A Traditional Developmental View of The Eleven Year-Old

Eleven is a really interesting time in which to observe development; in many ways it is more akin to the six/seven year transformation and change.  That same burst of complete restless energy is there, along with crying outbursts from both girls and boys, and a complete preview of adolescence to come. It is a different energy than children going through the nine year change, where the child is feeling lonely and separated.

Let’s take a closer look at the developmental qualities of an eleven-year old from a traditional perspective:

  • Ten year olds are more friendly and easy-going, in general, than the eleven year old who often has a more oppositional stance.
  • Eleven year olds are on the go and have a great amount of restless energy; it is hard for them to sit still
  • The Gesell Institute book talks about the eleven year old as “slow to respond, quick  to criticize.”
  • Most eleven year olds love food, and live to eat! However, they can really be quite picky and get on “food jags” with absolute preferences.  (These can change though!)
  • Eleven year olds can fight, hit, kick doors, slam doors and yell, swear, talk back and say mean things.  That is just eleven.  The moods of an eleven year old are often at extremes.
  • Eleven year olds generally really enjoy life!  They love to be outside and to collect things.
  • Friendships are very, very important to an eleven year old.
  • Most eleven year olds behave really well away from home and with other adults; just not always mother.
  • There can be a tendency toward colds, flu, ear infections, and general fatigue. By the end of the afternoon, an eleven year old can be quite wild due to fatigue. They can also be sick and miss more school this year than in other years.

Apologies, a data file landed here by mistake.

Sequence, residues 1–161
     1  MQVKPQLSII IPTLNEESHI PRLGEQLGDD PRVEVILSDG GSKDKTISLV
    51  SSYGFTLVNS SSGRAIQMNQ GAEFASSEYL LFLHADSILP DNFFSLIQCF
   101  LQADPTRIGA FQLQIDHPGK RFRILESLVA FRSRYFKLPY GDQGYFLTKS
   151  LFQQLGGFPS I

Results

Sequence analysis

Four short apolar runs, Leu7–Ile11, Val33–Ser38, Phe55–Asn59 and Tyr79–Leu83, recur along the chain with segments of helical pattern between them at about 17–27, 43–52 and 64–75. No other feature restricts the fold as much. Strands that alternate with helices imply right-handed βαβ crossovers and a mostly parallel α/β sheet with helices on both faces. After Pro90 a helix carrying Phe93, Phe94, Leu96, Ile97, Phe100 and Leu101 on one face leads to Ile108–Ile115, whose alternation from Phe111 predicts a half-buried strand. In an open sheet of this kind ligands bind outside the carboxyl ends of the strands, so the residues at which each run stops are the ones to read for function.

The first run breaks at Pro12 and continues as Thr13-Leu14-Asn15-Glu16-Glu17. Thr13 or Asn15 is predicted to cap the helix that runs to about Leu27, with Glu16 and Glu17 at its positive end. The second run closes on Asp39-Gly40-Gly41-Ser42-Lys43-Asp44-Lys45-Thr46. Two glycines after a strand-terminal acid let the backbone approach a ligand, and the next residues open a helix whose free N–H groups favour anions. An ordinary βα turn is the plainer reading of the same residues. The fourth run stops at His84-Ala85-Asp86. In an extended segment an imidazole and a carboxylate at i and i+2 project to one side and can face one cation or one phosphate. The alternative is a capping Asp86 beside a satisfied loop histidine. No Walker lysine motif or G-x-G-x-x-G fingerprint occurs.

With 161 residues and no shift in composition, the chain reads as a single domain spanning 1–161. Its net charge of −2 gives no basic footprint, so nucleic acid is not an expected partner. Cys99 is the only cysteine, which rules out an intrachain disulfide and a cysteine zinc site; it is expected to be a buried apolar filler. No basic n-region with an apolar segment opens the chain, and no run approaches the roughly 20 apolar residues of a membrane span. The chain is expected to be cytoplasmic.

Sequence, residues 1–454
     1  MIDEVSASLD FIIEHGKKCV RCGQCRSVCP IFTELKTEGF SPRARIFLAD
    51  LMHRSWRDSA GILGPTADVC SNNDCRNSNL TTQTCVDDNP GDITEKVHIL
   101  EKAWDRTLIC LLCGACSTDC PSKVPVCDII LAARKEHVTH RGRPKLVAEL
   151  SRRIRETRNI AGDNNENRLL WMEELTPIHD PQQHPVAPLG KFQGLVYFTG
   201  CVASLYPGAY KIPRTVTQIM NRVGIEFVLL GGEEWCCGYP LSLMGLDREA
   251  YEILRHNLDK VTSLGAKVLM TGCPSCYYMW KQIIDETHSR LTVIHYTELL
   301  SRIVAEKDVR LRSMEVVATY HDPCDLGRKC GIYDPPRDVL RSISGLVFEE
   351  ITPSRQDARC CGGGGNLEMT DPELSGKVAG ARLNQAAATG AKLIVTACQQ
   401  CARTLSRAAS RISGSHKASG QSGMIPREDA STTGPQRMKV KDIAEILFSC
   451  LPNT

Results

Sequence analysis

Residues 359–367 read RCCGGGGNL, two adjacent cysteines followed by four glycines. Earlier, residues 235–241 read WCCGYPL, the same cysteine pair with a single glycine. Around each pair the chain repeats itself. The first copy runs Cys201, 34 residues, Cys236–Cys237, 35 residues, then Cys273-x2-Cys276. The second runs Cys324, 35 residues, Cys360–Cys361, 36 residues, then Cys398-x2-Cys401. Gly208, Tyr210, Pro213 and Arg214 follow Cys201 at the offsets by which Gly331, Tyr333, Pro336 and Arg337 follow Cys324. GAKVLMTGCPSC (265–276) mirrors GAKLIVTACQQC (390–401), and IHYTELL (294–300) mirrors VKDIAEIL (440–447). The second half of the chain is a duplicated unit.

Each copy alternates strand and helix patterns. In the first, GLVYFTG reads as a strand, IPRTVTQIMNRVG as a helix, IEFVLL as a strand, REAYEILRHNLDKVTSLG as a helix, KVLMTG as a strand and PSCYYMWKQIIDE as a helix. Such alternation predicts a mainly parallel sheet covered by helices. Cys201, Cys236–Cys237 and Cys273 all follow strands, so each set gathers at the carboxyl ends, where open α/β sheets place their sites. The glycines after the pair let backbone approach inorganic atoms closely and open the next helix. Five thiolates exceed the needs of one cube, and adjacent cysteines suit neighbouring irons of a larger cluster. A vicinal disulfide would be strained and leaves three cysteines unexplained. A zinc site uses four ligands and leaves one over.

• Tensional outlets can be high
  • Boys show very little evidence of approaching puberty at age eleven; girls have a very individual variations of expression of puberty.  Some have no trace of sexual development, and some do.  Many eleven year olds will have some pubic hair by the time they hit close to age twelve, and many will also show a broader pelvic area.  The average eleven year old, according to the Gesell Institute, will have reached about eighty percent of their adult height and fifty percent of their adult weight.  Breast development may occur; one breast may develop faster than the other breast; breast pain and sensitivity can occur.
  • Many eleven year olds will bathe willingly, but want a large amount of time in which to do this, so then bathing can end up being sporadic if “they don’t have time”.  Some have a new awareness of dental care.
  • Eleven is one of the most tearful ages.  Fear is common.  Eleven year olds may not want to be alone.
  • Eleven year olds, in general, despite all this, are generally happy.
  • They may be jealous and competitive.